Things Not To Miss While Surrendering a Life Insurance Policy

Find out what happens when you surrender a life insurance policy before the maturity date and how to do it.

Things Not To Miss While Surrendering a Life Insurance Policy

A life insurance policy remains active for a specific number of years. However, the policyholder can choose to discontinue the policy before it reaches its maturity date. Circumstances beyond a person’s control may develop because of which the policyholder may decide to surrender the policy. The policy may or may not have a surrender value. If it is a term policy there is no question of surrender value, but if it is let's say, an endowment or money back policy, the policyholder is paid the fund value after deducting the surrender charge. 

Here are a few things that you need to know before applying for the surrender of the existing life insurance policy.

1. Process

The standard process of policy surrender is to contact the insurer and submit a surrender request form along with documents like original policy papers, identity proof, a cancelled cheque or latest bank statement, PAN card etc. Based on your request and documents, a decision is made, and the surrender value is paid to you.

Related: Life insurance 101-Everything you want to know about life insurance 

2. Surrender value

It is the amount that the policyholder is entitled to get out of an insurance policy in case he or she decides on a mid-term surrender of the policy. The value is arrived at after deducting a surrender charge from the policy fund, i.e. savings and earnings thereon. The surrender charge varies from policy to policy.

3. Duration criteria

In case, there is an endowment​​ policy which is less than 10 years in premium payable duration, you will have to pay consecutive premiums for at least two years. In case the premium paying term is more than 10 years, the premium must be paid for at least three years consecutively. If this condition is fulfilled, the policyholder can get a surrender value. A policy can also be converted to a paid-up policy if the premium for 2 or 3 years has been paid. The coverage of the policy will reduce proportionately, as will the paid-up value. 

Paid-up value will be the number of premiums paid/number of premiums payable multiplied by the original sum assured.

4. How does the surrender value vary?

The surrender charge will depend on the type of policy. The charge is higher if the saving or investment component of the policy is low. Term insurance plans do not have any surrender value, unlike unit-linked insurance plans, endowment plans, or money back plans.

5. Surrender value in case of traditional plans

If the policyholder has paid a premium for 2 or 3 years, he or she will be eligible for the surrender value, which can be calculated in one of two ways.

In case of guaranteed surrender value, a fixed percentage of the premium paid is guaranteed, depending on when you surrender your policy. If the policy is surrendered within 2 or 3 years, you will receive 30% of the premium paid. If surrendered between 4 to 7 years, 50% of the premium paid is received. Similarly, if the policy is surrendered during the last two years of the policy, you will be eligible for 90% of the premiums paid.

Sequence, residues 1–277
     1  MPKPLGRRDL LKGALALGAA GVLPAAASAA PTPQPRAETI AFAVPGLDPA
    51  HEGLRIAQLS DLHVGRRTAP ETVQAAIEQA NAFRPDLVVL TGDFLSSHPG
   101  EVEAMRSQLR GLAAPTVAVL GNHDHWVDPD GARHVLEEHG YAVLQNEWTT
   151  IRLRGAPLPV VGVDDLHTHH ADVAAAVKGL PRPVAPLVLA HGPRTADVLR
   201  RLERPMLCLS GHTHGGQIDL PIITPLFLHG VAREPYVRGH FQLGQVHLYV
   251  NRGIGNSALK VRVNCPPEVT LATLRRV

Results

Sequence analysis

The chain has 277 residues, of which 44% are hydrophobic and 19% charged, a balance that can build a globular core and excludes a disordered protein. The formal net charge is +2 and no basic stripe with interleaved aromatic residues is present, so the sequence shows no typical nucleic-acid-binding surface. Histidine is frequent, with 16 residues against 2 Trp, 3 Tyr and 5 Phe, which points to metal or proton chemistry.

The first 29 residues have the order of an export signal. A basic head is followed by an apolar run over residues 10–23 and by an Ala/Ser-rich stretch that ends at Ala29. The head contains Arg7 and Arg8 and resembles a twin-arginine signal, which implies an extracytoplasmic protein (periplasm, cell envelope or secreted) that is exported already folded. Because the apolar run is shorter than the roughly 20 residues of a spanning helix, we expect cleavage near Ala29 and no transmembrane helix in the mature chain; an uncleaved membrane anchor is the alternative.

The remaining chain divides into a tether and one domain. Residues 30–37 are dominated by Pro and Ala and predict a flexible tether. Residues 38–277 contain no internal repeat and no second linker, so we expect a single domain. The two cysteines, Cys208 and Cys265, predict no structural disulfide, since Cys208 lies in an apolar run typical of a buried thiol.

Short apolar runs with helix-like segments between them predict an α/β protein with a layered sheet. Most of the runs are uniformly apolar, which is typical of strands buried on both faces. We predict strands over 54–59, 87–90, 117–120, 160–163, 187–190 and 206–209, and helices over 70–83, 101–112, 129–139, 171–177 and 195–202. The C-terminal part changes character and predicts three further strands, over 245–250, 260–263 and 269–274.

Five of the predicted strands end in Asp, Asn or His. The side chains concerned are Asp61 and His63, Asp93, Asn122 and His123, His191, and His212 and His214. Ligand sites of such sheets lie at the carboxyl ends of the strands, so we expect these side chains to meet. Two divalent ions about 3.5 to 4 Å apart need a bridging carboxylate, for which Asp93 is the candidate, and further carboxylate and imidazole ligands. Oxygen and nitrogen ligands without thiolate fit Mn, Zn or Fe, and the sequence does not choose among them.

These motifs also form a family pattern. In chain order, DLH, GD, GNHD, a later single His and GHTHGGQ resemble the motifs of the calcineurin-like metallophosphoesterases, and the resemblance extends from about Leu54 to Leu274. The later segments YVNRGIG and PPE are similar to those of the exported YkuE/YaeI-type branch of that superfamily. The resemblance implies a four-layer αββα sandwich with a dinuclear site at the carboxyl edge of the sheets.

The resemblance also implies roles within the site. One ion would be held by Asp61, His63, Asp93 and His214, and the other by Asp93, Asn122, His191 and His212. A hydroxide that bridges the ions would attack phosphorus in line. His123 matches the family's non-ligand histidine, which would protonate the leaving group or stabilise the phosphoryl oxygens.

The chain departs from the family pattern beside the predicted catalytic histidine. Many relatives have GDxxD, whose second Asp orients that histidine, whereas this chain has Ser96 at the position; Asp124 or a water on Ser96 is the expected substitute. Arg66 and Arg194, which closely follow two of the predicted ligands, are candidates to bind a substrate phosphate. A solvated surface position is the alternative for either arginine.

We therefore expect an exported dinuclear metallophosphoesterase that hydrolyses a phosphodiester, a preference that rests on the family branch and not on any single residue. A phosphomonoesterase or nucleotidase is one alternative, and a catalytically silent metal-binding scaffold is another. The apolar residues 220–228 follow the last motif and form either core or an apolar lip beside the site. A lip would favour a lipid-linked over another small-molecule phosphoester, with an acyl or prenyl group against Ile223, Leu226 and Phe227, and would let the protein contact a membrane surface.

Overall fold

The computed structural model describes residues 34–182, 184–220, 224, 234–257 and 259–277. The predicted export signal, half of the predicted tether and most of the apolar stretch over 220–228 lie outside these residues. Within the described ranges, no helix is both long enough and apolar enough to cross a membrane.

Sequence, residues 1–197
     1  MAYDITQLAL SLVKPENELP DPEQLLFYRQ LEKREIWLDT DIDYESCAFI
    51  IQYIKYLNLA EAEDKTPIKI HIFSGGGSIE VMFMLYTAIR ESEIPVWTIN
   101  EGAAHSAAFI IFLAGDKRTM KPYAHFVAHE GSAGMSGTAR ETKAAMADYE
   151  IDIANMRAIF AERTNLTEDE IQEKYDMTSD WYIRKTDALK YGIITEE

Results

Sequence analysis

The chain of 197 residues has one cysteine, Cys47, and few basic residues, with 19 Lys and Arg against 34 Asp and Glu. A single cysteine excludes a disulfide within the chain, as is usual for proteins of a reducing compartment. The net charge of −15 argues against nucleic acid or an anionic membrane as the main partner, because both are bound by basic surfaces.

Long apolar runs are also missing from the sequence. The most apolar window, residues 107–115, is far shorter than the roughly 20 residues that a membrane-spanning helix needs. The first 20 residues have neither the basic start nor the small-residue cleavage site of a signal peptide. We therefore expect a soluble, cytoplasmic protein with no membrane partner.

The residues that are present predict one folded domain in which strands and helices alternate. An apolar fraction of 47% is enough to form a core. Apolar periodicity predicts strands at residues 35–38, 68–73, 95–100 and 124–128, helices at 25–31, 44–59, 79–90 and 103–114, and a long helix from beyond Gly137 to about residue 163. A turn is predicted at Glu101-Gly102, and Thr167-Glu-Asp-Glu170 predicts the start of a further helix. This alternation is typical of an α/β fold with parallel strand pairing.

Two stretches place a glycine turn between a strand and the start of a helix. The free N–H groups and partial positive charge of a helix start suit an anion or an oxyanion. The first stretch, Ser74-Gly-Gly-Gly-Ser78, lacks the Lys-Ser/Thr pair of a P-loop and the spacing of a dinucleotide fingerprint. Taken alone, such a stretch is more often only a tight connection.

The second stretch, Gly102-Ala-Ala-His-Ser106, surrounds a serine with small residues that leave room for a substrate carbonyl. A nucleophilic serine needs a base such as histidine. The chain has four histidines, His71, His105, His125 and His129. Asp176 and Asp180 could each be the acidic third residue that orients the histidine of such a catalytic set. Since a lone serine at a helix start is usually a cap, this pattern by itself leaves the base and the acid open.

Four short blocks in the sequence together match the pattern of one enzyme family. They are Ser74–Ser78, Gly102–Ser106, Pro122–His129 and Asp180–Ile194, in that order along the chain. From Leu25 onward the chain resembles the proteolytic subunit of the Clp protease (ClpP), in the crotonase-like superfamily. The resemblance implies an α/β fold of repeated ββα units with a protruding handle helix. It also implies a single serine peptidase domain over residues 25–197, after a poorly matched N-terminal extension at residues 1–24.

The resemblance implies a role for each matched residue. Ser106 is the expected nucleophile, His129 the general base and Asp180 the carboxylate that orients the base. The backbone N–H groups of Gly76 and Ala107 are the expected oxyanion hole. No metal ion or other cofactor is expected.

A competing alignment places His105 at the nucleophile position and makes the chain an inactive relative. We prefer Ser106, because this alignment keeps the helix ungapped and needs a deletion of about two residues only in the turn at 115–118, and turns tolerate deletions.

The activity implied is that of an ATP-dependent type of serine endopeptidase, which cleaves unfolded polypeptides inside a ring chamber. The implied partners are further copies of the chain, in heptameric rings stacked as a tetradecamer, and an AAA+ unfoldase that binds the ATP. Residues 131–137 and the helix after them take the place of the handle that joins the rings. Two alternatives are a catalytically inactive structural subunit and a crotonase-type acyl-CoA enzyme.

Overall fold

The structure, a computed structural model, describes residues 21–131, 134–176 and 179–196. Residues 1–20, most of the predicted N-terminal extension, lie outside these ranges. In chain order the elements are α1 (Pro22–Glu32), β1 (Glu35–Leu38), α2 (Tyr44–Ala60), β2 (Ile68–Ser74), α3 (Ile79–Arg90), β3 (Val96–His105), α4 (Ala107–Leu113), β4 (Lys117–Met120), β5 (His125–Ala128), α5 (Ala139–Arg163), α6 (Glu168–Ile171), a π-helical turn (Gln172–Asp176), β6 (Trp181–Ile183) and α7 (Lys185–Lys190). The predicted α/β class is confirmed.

In the case of special surrender value, the surrender value depends on the sum assured, bonuses, policy term and not just for the premium paid. A surrender factor is calculated as a percentage of paid-up value and bonus. The formula for special surrender value is paid-up value + bonus x surrender value factor.

Related: How to decide the nominee for your life insurance? 

6. Term life insurance surrender

A term insurance policy lapses if the premium payment stops. Stopping premium payment is risky because of risk cover ceases. By knowing the pros and cons of a term plan, you will be able to make an informed decision about whether or not you should surrender your term policy. Besides, you will also know all about term insurance meaning, what is term insurance, when to buy one and so on. Cost-wise there are no complications or disadvantages to surrendering a term plan.

7. Surrender value in case of ULIPs

If you stop paying the premium for a ULIP policy, the policy lapses and the fund value, minus some charges, move to a discontinuance fund for the remainder of the five years. It continues to earn 3.5% per annum during its stint at the discontinuance fund. A discontinuance charge and fund management charge are applicable in such a case. However, no such charges are applicable if you stop paying the premium after the lock-in period.

Before you surrender a policy, it is important to take a step back and consider the purpose for which you took the cover in the first place. Ideally, if you are letting that cover go, you must have an alternate plan to meet the desired target or purpose. For example, if it is an education plan for your child, it would be ideal if you have another plan to build the fund your child’s higher education. Besides, you will also have to consider the financial implications of surrendering the insurance policy. Have a look at how life insurance can support your long-term goals before you surrender your policy.

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